Choosing a dressage horse can be a difficult task. Horses can be an expensive proposition. With so many horses to choose from, the task of selecting the “right horse for the job” can be daunting. Hopefully this article will eliminate some of the challenges of buying or leasing a horse. It also sheds a little light on why some horses are better for dressage than others.
Let’s start at the beginning. Before you can determine what type of horse you should buy, you must first evaluate your own expectations:
Why are you interested in studying dressage?
Are you looking to buy or lease a horse?
Do you have room to keep a horse?
Can you afford the expense of feeding and caring for a horse? It can cost an average of $3000 – $5000/year to keep a horse, depending on your location.
How far do you want to advance?
Do you want to show your horse?
How long would you like to ride this horse?
Are you willing to sell this horse if you surpass his ability?
Do you have the ability to train, or have a trainer available to assist with this horse?
Dressage and Horses
Dressage can benefit any rider, regardless of your current riding ability or riding discipline. It can also be beneficial to any horse because dressage teaches a horse suppleness, relaxation and self-carriage. The questions you answered above are important because not all horses and riders are capable of the skills necessary for the higher levels of dressage. By knowing your own expectations, you can determine what type of horse will work best to accomplish your goals. Knowing what your goals are and evaluating your horse’s strengths and weaknesses will help determine if prospective mounts are suitable for achieving your goals. It may be necessary at some point for you to work with a mount more suitable for your needs. This does not, however, mean that the horses you are currently looking at are incapable of learning basic Dressage.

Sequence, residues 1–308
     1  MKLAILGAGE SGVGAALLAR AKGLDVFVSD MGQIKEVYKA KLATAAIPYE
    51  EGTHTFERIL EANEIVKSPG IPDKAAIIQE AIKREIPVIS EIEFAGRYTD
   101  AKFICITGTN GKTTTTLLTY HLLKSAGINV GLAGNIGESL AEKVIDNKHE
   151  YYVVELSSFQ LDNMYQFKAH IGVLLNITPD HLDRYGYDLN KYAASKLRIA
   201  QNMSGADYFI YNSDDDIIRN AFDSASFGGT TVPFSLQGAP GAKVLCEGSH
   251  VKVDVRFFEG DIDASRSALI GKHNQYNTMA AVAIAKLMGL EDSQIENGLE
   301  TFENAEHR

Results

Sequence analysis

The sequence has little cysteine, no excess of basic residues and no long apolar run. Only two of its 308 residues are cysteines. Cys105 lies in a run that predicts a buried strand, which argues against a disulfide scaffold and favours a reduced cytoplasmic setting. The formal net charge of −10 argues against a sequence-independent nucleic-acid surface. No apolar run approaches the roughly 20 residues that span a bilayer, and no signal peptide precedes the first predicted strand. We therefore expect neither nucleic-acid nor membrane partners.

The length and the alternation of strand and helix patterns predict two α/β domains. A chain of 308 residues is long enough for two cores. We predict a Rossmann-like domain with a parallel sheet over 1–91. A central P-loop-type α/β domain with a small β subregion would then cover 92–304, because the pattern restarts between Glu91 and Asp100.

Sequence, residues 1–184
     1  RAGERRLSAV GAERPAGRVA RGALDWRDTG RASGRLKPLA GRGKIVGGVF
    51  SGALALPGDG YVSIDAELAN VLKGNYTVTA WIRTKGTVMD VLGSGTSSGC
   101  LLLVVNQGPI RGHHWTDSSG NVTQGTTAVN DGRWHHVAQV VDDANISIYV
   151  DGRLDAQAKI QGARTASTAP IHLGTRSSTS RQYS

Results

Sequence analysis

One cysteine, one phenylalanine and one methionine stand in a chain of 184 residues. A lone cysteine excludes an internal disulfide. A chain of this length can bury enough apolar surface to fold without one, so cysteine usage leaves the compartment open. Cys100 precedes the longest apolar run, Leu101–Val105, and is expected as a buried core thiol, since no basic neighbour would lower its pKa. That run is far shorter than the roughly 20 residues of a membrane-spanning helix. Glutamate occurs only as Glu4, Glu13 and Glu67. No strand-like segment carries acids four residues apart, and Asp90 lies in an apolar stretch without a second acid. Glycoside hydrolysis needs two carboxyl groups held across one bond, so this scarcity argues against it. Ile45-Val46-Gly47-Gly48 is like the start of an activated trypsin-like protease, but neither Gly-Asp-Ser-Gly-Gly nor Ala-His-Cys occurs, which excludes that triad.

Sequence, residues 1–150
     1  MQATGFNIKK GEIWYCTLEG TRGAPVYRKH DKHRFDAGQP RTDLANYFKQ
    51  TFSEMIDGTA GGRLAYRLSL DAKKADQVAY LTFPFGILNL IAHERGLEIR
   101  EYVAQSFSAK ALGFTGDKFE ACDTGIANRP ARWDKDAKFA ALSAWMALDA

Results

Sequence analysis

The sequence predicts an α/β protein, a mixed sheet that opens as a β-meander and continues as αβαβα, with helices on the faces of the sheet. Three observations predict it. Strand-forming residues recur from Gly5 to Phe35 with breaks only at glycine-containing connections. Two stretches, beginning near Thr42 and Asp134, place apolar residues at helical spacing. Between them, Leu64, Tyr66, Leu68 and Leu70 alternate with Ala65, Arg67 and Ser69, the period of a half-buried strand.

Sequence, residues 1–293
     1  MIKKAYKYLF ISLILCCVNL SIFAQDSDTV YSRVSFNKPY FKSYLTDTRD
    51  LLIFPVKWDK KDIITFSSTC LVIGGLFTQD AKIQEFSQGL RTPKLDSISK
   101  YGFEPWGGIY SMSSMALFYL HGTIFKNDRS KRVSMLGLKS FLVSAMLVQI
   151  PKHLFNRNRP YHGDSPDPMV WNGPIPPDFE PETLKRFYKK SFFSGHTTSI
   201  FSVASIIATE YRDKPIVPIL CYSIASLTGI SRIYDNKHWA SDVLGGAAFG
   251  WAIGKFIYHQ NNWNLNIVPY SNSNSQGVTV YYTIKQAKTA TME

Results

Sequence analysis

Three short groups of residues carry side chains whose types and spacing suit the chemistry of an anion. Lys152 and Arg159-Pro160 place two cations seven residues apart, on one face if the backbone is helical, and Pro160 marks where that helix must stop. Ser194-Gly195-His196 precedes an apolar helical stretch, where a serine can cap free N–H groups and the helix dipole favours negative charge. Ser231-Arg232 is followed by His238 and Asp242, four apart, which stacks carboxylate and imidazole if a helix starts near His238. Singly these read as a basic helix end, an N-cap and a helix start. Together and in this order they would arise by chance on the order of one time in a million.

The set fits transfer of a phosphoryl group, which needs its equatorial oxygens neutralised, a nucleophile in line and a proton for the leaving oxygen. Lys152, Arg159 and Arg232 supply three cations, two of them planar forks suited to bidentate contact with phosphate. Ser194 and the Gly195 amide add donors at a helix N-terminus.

Your Dressage Horse’s Past
Another key factor in your decision should be to consider how the horse is currently schooled. Has or is the horse currently schooled in dressage. Depending upon your training ability and skill level, you may want to look for a horse that is already familiar with the levels that you are interested in riding. This is especially important for the novice rider. Despite the common inclination to “learn together.” It is far better, in most cases, for either the horse or the rider to have a strong foundation in the riding discipline that you are studying. A “green” horse and “green” rider can create a lot of frustration, leading to an overall dissatisfaction with the riding experience. This is because the learning curve for riding, especially dressage, is extremely large. The rider must be secure in his aids if he wants to teach his horse – as much as the trained horse must be secure in his movements in order to tolerate inconsistency when the novice rider is applying his aids. If you are a novice rider, it is highly recommended that you purchase a horse that is trained to at least to the highest level that you would like to attain. This will help to ensure that you develop a strong dressage foundation before you experience the challenges of teaching a “green” horse the appropriate response to your aids. If you are an experienced dressage athlete, however, you may appreciate the precision required in teaching a young or novice horse the skills necessary to be an accomplished dressage candidate. Training a horse can also help the experienced rider to hone in on the areas where they themselves need work, as well as further developing the areas that they have “mastered.”